Q. What was your worst experience in athletics?
A. It was last year during IAAF World Championship in Doha when our 4X400m team was disqualified for flouting baton exchange rules.
It cost us a place in the final and a chance to qualify for the Olympics.
The rule is that all takeover athletes are not permitted to begin running outside their takeover zones and should start within the zone.
It was alleged that I overstepped the beginning of exchange zone when receiving the baton from Nkobolo, hence the disqualification.
Eish, I do not want to think of that day.
That was very bad and our heads were aching.
I just felt I had failed my country and disappointed Batswana.
I was so disappointed but I guess we learnt something from the mistake and it will never be repeated.
Q. What do you enjoy most about this sport?
A. Not that I do not like teamwork, but I enjoy athletics because it is an individual sport.
When you do not perform, you have no one to blame but yourself.
When you win the prize, you enjoy it alone.
I also enjoy being part of the 4x400m team.
We make a great team.
It is unfortunate that one of us, Onkabetse Nkobolo was involved in a car accident but he will bounce back and I wish him a speedy recovery.
Q. What is the first thing you do when you wake up?
A. I brush my teeth, bath and eat breakfast then I go for training.
I make sure I train everyday even during the off-season. This is my life.
Q. Do you have an eating plan, what do you avoid eating?
A. We do not have a dietitian but our coach assists with the eating plan.
The diet includes moderate amounts of protein like fish, red meat and poultry.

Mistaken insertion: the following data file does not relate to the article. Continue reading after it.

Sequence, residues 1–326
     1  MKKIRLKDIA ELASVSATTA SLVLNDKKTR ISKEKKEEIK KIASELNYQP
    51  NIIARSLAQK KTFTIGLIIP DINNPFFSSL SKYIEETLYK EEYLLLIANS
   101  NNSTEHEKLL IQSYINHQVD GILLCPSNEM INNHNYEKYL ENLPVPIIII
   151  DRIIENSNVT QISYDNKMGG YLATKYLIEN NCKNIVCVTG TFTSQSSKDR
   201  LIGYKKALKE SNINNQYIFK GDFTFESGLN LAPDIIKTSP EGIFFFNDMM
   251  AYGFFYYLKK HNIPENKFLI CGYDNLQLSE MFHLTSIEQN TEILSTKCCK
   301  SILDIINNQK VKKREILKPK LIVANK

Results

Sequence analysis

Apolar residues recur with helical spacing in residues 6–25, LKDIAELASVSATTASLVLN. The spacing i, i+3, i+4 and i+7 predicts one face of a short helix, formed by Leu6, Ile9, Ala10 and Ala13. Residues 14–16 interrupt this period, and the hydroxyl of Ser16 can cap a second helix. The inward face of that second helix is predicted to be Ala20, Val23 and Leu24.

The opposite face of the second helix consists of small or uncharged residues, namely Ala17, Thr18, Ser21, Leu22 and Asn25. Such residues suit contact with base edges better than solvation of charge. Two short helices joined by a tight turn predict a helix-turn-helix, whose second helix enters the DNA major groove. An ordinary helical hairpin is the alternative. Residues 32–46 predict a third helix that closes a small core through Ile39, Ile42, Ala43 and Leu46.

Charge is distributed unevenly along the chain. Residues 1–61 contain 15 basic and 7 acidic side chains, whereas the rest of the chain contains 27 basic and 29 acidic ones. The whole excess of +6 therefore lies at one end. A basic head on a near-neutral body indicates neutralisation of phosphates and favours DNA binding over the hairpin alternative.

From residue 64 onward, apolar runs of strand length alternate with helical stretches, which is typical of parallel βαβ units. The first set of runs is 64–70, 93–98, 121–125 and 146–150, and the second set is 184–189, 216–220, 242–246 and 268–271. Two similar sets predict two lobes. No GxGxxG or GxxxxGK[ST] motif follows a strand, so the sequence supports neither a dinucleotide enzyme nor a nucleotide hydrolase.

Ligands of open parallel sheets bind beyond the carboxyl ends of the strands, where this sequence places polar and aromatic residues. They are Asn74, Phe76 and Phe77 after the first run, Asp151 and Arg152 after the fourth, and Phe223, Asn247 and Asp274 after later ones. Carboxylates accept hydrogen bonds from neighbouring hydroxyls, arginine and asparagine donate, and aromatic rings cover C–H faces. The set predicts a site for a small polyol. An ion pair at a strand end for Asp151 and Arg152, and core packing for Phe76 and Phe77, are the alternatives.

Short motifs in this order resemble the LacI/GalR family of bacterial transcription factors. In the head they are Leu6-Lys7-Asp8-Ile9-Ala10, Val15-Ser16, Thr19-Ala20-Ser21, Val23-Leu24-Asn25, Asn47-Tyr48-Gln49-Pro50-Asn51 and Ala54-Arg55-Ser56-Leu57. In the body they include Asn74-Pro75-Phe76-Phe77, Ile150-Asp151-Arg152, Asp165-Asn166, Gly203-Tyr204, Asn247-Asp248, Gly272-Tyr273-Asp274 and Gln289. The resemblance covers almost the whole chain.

I make sure I avoid junk food and eat home-cooked meals.
I also eat plenty of fresh fruit and vegetables to ensure sufficient energy, body function and muscle repair.
An athlete should always be careful of where he eats and what he eats to avoid being accused of doping.
Q. What advice can you give to those aspiring to be professional athletes?
A. Be dedicated, focused and determined.
You should always listen and use your coach’s instructions wisely.
Do not drink alcohol and use drugs.
You have to be very disciplined otherwise your career would be cut short or not even take off at all.
Q. Who is your inspiration?
A. I am inspired by a few people locally and internationally.
Nijel Amos, Amantle Montsho and Isaac Makwala inspire me.
These are the athletes that I look up to and I think they have achieved a lot through athletics and I always ask for their advice when I get stuck.
South African track and field sprinter who competes in the 200 and 400 metres races, Wayde van Niekerk, also inspires me.
He is the current 400m world and Olympic record holder, and Olympic champion.
Q. Thank God it’s Friday, what are your plans for the weekend?
A. I am preparing for the Olympic qualifiers, which start in January.
I have a lot of work to do in terms of training after being disrupted by the Covid-19 outbreak.
I will be training.
News6 days ago
Pitsane West murder suspect still at large
News5 days ago
Covid-19 patient commits suicide
News6 days ago
Double murder suspect remanded in custody
News6 days ago
Dutlwe chief back in court for threatening to kill wife
News4 days ago
Maun a hot spot for new Covid-19 variant
News3 days ago
Boy, 8, allegedly witnesses mum’s murder
News2 days ago
Jilted lover threatens to kill ex-girlfriend like her late cousin
News2 days ago
De Beers urged to reconsider Frontline Reward Initiative